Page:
My review of the Obama Adminstration

This is the second in a series of posts about the election inspired by a facebook conversation.

When Obama was elected I said that if he got us out of Iraq, passed a universal health care bill, and turned the economy around, I’d consider the presidency wildly successful, even if he didn’t accomplish anything else.  So, let’s start with these three issues:

1)      Got us out of Iraq.  Done.  I’m not going to say that Iraq is a peaceful democracy, but it didn’t completely implode the moment we pulled out, which is frankly better than I expected.  Bonus credit for getting bin Laden.

2)      Passed a universal health care bill.  Done.  It’s far from perfect and sure not the bill I would have hoped to have seen, but it’s still a BFD, as Biden said.  It’s a Rube Goldberg contraption of a bill, and made even more convoluted by many states’ resistance to implementing it, by the Supreme Court decision that the Medicaid expansion is optional, and by the way that employer-provided family coverage is being treated, but it’s still a huge step forward.  It’s already made a difference in millions of lives — particularly people with serious illnesses who are no longer subject to lifetime limits, but also young adults who are able to stay on their parents’ plans — and will make a difference to millions more come 2014.

3)      Turned the economy around.  Well, you could technically say that the economy is “turned around” because the situation is no longer getting worse, but I don’t think there’s anyone who disputes that the economy is far worse than we’d like it to be, and is not getting better fast enough.   That said, I am completely convinced that the economy is far better than it would have been absent the stimulus bill (the American Recovery and Reinvestment Act), and it would have been even better if the Republicans in the House hadn’t blocked additional stimulus at the point that it became clear that the recession was far deeper than anyone had realized in February 2009.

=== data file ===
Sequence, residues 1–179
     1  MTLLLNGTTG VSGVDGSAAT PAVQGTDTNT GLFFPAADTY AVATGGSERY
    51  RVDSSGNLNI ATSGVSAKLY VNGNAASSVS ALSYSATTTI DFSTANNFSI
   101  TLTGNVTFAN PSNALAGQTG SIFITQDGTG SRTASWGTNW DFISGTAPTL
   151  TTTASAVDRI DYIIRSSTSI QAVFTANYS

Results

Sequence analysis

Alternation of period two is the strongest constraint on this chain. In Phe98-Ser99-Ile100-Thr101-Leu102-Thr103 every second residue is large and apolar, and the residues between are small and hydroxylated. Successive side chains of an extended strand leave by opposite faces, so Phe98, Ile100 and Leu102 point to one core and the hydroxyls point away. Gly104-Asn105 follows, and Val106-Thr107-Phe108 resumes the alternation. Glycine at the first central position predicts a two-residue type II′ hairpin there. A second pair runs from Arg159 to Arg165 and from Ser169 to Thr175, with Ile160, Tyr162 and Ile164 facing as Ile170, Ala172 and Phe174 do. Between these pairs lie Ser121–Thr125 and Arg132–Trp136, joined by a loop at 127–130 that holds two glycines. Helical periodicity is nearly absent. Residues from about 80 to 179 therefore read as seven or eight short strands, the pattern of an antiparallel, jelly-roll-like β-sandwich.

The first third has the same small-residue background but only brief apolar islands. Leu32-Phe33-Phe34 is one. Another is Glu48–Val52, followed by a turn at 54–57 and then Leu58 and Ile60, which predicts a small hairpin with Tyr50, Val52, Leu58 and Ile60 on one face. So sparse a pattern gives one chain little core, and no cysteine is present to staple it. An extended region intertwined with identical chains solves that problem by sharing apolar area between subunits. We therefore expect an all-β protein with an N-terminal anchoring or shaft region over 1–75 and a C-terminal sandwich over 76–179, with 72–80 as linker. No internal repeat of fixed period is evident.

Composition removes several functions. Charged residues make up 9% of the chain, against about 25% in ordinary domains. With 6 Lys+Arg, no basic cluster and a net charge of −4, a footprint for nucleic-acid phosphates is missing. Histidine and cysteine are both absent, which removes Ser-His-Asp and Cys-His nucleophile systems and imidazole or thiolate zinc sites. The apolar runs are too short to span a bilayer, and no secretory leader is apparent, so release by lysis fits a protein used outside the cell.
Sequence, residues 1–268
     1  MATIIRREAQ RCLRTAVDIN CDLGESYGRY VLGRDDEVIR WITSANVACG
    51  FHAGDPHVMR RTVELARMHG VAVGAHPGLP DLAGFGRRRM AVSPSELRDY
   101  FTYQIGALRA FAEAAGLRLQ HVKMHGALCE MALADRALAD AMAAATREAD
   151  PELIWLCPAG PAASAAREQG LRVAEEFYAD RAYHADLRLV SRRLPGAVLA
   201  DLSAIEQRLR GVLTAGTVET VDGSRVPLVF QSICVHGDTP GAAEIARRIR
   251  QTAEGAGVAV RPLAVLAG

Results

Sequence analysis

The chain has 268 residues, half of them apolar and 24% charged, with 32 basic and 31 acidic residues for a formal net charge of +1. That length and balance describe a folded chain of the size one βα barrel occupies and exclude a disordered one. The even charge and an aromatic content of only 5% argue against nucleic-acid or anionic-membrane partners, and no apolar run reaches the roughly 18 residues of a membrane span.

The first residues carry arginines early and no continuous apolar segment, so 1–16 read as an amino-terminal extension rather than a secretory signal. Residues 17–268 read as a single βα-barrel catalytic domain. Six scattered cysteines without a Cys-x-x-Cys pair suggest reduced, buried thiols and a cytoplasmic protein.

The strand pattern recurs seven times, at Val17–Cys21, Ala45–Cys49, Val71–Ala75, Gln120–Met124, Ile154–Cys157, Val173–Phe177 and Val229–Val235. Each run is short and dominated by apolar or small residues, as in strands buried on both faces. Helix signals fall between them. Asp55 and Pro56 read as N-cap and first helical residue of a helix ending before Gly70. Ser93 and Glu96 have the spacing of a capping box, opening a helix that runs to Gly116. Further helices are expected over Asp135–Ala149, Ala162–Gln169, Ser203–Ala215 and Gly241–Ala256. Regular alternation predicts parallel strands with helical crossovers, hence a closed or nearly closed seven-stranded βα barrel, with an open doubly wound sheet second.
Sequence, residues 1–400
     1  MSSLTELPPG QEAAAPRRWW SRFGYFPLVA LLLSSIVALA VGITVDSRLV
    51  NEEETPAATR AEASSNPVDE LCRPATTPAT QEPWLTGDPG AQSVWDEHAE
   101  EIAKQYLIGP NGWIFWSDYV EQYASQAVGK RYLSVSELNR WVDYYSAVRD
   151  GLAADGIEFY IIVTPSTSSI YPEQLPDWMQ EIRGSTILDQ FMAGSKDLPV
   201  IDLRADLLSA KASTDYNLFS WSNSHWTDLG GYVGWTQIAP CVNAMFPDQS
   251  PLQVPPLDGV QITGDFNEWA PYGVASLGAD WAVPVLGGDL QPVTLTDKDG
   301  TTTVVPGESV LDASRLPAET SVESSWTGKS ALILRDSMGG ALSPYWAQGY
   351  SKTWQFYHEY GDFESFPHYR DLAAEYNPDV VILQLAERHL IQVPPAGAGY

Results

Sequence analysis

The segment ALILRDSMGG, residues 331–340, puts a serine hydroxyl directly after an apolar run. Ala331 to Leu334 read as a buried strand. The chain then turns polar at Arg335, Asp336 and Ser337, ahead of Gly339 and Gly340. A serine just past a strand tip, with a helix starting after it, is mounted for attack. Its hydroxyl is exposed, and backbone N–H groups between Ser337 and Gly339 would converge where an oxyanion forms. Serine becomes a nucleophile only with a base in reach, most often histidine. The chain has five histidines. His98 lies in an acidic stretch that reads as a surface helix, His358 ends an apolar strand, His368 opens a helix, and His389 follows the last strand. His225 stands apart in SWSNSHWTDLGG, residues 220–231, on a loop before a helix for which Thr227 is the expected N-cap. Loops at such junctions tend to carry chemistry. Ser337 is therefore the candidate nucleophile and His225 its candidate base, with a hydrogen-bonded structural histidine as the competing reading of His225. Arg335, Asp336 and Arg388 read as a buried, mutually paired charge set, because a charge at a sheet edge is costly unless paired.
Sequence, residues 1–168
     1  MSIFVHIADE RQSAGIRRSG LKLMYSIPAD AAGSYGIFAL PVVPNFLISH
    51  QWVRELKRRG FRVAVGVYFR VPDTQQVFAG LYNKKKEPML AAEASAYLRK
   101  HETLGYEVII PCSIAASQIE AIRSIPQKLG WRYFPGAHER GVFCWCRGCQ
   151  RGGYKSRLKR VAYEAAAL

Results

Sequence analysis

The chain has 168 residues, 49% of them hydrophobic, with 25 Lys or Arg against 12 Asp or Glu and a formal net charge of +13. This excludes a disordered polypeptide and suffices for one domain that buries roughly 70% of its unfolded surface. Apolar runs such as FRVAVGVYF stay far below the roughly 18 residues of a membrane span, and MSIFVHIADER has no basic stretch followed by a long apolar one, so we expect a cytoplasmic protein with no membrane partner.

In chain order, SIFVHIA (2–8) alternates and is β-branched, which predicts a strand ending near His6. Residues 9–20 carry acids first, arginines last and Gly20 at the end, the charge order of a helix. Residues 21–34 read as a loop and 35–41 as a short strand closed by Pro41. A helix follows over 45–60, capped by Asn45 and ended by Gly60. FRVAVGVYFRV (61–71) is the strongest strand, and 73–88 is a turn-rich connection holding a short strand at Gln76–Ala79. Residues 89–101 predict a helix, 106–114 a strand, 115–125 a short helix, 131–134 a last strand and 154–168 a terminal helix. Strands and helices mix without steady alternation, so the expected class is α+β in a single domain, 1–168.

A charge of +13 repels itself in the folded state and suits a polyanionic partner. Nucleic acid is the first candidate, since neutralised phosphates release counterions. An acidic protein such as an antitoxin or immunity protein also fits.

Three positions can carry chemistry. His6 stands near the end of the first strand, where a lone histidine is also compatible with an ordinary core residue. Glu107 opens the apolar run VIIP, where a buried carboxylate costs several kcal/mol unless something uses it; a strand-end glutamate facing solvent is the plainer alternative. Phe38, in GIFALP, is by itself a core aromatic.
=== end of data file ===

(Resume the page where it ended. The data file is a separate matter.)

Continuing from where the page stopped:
There are plenty of people who say that the President is the “captain of the ship” and that he or she gets credit or blame for whatever happens.  This is basically the core of Romney’s economic message, and the econometric models suggest that the economic situation often tips elections.  I think the President (and Governors) have relatively little power over the economy, so I don’t subscribe to this approach, but if you apply it fairly across parties, and say that you never vote to reelect a President when the economy is bad, I don’t think I can argue with you.

For me, the more interesting question is what could Obama really have done differently, given the economic conditions he inherited and the political situation, that would have made a difference in the economy?  I think there are three possible answers, and I’m not sure if any of them are really compelling:

  • There’s a progressive argument that Obama should have pushed harder and earlier for a big second stimulus, in particular one that involved direct job creation in public sector jobs.   The Administration was very reluctant to go that route, in part for political reasons, in part because they were anxious that the majority of the spending on the stimulus bill should have dual payoffs — both in immediate job creation and in long-term shaping of the economy. That’s why they put so much money into things like solar energy and health care information technology.  A lot of these took a long time to get going, and the payoff wasn’t visible even when the spending started.  I think there’s at least a possibility that if the President had pushed for direct job creation, it would have gotten public support.
  •  I’m not an expert on housing policy — I feel like I need a t-shirt that says “everything I know about the housing collapse, I learned from Planet Money” — but there seems to me to be a reasonable argument that the Administration could have done something more effective to respond to the housing market collapse, and the failure to do so has been a drag on the economy (see articles from the Washington Post and the NY Times for more detail).

So, I don’t think the Obama has been a perfect president, and I think he looks particularly bad in comparison to the overinflated expectations created by the Hope and Change rhetoric from the last campaign.  But I think he’s been a pretty good one, and I’ll be voting FOR him in November, not just against Romney and Ryan.

 

Leave a Reply